EDITORIAL

Don’t

The echoes of the visit paid by the IMF mission to Bucharest can be seen on the streets. Citizens are the ones that must draw conclusions, which are painful for them, but especially for those who still believe that Romanian politics can be reformed, brought to the conscience degree of being capable to (also) tend to the electorate’s needs. Though six months ago he was being told that the country has safely overcome the crisis, the citizen now sees salaries axed by 25 pc, pensions and unemployment benefits cut by 15 pc, child-rearing allowances, meal tickets and bank interests becoming subject to taxation, the 13th salary in the public sector vanishing into thin air, and the list may go on. A Romanian newspaper wrote these days that 2010 is the year of economic and social disaster. Are we already impatient? Most analysts claim this is only the beginning, as the austerity measures taken these days won’t be enough and must be followed by VAT and flat tax increases. The ruling coalition has run out of solutions. To avoid bankruptcy and payment default, the citizen must be bled dry… with taxes for anything. Even the minimum pension of RON 350 will be subject to taxation (as President Traian Basescu tells us), may it be by as little as RON 1. The only thing missing from the picture is the tax on celibate, paid before 1989 by the Romanian stubborn enough not to have children while very young. Or, the other way ‘round… a tax on children.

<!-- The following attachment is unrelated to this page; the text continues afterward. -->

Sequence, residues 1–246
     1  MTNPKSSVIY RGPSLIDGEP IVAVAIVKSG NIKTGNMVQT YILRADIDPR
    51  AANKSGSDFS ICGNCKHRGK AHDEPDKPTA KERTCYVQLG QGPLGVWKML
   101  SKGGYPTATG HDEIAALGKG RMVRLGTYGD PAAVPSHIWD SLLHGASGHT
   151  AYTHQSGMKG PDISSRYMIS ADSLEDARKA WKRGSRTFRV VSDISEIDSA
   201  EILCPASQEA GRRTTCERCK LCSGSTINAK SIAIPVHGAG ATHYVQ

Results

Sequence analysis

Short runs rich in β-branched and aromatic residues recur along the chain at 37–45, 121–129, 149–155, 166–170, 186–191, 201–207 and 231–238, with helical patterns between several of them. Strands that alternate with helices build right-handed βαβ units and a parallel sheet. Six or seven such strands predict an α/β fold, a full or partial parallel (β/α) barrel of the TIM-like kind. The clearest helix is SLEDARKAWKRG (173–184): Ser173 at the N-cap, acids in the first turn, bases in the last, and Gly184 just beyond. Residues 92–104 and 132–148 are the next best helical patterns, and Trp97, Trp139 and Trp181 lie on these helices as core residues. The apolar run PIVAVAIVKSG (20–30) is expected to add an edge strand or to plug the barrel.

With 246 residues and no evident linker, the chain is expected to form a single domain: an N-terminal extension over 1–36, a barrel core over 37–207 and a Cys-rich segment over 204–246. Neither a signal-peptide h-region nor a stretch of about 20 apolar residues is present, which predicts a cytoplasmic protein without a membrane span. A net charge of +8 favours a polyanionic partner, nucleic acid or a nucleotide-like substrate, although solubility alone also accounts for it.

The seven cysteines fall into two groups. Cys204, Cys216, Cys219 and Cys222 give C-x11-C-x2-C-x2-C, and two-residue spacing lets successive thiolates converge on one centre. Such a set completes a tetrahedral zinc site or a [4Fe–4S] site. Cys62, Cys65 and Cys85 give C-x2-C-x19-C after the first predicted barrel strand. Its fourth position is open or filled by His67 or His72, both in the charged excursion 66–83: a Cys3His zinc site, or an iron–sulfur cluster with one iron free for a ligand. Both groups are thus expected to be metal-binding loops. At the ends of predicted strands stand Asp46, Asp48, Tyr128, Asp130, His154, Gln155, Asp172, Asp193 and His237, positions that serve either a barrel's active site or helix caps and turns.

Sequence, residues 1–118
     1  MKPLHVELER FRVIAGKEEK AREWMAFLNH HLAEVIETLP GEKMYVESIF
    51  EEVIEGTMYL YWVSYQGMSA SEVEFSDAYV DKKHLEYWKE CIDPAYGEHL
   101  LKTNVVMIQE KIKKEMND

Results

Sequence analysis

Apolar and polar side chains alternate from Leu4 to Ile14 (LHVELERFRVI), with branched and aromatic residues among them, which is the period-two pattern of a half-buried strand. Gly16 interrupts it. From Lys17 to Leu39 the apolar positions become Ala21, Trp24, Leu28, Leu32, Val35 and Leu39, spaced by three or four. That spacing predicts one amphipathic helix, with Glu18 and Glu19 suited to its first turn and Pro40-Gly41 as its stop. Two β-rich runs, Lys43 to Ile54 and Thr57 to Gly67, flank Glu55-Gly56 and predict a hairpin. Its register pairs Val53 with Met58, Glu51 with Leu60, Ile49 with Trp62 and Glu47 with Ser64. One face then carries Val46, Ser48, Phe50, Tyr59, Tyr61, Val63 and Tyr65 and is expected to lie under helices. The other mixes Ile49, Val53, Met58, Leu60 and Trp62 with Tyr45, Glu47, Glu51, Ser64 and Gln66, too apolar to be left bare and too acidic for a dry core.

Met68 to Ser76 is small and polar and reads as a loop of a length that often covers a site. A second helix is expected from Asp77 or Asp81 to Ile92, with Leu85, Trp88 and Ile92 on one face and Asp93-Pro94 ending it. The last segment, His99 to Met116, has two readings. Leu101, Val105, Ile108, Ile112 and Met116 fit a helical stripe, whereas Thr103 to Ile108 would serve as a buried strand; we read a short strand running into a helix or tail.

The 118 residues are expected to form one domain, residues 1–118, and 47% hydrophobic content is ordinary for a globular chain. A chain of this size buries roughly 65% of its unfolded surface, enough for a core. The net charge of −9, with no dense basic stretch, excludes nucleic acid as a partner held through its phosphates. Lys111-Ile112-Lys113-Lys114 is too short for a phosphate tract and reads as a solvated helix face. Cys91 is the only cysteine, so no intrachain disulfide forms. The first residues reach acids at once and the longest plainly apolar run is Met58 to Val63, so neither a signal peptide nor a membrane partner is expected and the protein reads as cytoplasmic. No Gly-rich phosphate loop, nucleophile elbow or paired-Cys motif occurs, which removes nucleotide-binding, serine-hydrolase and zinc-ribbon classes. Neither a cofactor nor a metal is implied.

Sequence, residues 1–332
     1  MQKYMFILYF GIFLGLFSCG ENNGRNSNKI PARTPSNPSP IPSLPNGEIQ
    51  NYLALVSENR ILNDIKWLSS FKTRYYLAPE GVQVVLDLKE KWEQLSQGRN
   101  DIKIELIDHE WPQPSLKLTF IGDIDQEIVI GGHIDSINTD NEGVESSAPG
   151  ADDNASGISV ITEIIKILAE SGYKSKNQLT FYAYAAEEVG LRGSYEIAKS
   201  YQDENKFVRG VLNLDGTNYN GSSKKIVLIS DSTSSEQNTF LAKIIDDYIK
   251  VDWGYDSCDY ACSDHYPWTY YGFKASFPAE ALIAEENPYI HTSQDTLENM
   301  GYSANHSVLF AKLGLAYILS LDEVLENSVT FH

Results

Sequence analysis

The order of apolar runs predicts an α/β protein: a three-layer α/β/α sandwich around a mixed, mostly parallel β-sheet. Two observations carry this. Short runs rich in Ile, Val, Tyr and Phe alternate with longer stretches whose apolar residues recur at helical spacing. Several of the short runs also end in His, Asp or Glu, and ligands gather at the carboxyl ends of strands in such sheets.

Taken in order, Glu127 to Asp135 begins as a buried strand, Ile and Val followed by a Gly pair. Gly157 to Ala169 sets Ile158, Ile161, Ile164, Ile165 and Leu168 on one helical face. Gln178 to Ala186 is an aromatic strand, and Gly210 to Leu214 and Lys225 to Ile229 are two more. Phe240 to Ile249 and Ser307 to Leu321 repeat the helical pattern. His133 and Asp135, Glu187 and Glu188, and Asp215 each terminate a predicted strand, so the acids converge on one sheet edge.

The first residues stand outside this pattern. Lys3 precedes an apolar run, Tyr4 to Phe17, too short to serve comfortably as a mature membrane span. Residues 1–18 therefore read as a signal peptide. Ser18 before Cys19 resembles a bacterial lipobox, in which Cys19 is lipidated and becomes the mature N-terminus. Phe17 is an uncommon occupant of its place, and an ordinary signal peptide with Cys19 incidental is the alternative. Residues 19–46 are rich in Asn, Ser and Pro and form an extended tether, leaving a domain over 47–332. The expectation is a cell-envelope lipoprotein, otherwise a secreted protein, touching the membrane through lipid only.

In such conditions, there are a few things the citizen should keep in mind:


– Don’t believe promises made by parties, politicians or candidates involved in the political struggle; the lessons of the electoral years 2008 (general elections) and 2009 (presidential ballot) are more than illustrative with this regard. The fake optimism displayed by our elects has proven convincing for the moment, but it did not take long before becoming detrimental. In fact, the political and economic developments are looking completely different now. Examples? Let’s remember the optimistic messages given by the head of state and the premier, as well as other politicians, in support of the need to increase teachers’ salaries by 50 pc. When they came to power, they did precisely the opposite: not only did they drop any idea of salary increase, but they also froze the earnings of education personnel and now they contemplate the idea of sacking 15,000 people from the system. Another example (which became legend, like many others), is the promise that the flat tax and VAT will stay at the same level. “If the flat tax and VAT will increase, both I and the PDL must go home,” said President Traian Basescu in the presidential campaign of 2009. To avoid contradicting himself, the head of state – as he is the real decision maker, rather than PM Boc – chose to cut pensions and salaries. What will he say if VAT and flat tax will have to be raised in the autumn?